The FCA’s review of private markets to check for any risks to financial stability really caught my eye. Some have commented on how market volatility seen elsewhere over the last year has not been as evident in PE fund valuations, and question whether that is a credit to the asset class or reflects inconsistency or indiscipline in the valuation of private fund investments. Read more on this here.
How's the portfolio? Really? FCA review of private fund valuations could make some GPs and LPs think harder
12 months ago there were widespread predictions that meaningful markdowns were inevitable for private capital funds. However, speaking to LPs many report those markdowns have been far less significant than they had expected – although investors appear relatively unconcerned that valuations are overstated.
One possible explanation is the use of public stock comparables in private fund valuation methodologies. It has been observed that technology stocks (particularly the larger ones) have underpinned private market performance during 2023, and with so many PE firms focusing on technology either directly or indirectly (B2B with a technology product or service angle accounting for a large proportion of mid-market deal volume), perhaps these comparables have flattered the portfolios a little. Some also suggest that PE's medium-term view allows for a degree of "volatility laundering" – i.e. that the fluctuations in private valuations, upwards or downwards, tend to be less dramatic than in public stocks.
Nevertheless, when speaking to GPs about the state of their portfolio, a customary response is that it is in "pretty good shape" on the one hand, whilst also an area of significant focus on the other. Investors spending more time on the portfolio is a natural response to a difficult deal-doing environment (whether that is to best create value, prepare for incoming headwinds, or simply due to a perceived lack of opportunity to buy), but explanations as to why the portfolio is in good health can be harder to unpick. Some will point towards not having an exposure in retail, consumer or leisure for example, but as an explanation in itself this feels very 2009. Most investors have either pivoted away from consumer investments or refined their investment strategies in a way that helps mitigate exposures.
In contrast, a business services investment that provides services to commercial landlords, energy suppliers, wholesalers or logistics companies is only one step removed from the pressures on the high street. Perhaps the true state of a portfolio that is largely exposed to the broad church of business services is currently being masked by low levels of business creditor default? Shrewd investors will point to how robust their investments are – in niche markets, or growth markets, or as market leaders, with robustly contracted long term revenues. But contracted revenue is only as valuable as the creditor that stands behind it, and with it being widely accepted that 2024 looks like a difficult year it is also likely that delinquency and default by SMEs has been suppressed by state intervention and reliance by consumers on credit (the UK credit card market achieved double digit growth in 2023).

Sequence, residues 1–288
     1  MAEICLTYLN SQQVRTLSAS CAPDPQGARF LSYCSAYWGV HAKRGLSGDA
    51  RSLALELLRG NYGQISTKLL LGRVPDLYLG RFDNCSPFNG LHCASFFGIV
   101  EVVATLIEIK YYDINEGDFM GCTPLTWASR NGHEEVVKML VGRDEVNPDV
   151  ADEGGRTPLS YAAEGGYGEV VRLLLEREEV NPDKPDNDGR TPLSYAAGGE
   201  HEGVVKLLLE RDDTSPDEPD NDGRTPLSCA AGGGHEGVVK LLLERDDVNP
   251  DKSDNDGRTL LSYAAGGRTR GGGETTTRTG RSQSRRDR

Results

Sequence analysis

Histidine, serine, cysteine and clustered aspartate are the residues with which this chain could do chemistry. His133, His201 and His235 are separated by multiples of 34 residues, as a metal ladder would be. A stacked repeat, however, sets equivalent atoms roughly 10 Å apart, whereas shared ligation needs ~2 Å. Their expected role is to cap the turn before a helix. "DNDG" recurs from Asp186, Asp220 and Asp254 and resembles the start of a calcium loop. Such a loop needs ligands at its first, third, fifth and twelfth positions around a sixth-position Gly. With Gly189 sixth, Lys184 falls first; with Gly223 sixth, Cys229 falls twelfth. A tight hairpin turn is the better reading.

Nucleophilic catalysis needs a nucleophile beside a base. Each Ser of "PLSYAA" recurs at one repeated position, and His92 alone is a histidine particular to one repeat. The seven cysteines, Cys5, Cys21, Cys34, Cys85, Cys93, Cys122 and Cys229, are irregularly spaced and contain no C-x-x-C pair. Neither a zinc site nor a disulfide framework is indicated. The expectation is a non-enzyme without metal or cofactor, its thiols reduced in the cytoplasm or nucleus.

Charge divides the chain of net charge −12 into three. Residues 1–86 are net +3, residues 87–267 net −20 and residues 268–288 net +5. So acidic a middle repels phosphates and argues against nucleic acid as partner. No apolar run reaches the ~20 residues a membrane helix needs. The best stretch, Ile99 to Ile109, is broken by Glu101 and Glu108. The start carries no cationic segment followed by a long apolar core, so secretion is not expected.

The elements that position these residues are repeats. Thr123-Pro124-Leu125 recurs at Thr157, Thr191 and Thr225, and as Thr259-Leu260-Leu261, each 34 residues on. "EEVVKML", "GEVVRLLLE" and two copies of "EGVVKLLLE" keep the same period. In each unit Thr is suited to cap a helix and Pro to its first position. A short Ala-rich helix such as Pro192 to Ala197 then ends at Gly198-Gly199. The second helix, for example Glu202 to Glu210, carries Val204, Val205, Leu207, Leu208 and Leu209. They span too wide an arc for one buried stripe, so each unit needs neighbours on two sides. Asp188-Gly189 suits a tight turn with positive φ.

Against that backdrop add (1) the very high multiples paid on PE backed deals in a competitive 2020-22, and (2) the fact that debt financing used for those deals will be revisited in the short to medium term in a higher interest rate environment, and it is hard not to think that all may not be as rosy as the relatively steady PE valuations suggest.
All of this makes the timing of the FCA's recently announced review of private markets to determine risks to financial stability interesting. Given this is part of a global trend (the US Securities and Exchange Commission also recently introduced new rules) we are anticipating substantial pressure towards greater independence, frequency and oversight in PE valuations. Optimistically, this might reassure LPs that the lower volatility in movements of PE valuations is rooted in strong investment decisions and portfolio management underpinning a healthier outlook – particularly where a GP can show it already undertakes a robust, ringfenced valuation exercise. However, the fear for LPs is it may also identify situations where imperfect information, time lags or a lack of independence have masked some elements of the pain – and it does seem that the FCA at least are concerned that the higher interest rate environment is not yet fully reflected in unlisted asset valuations.
Please get in touch if you would like to hear more about the FCA review or the steps we are seeing investors take in respect of valuations.
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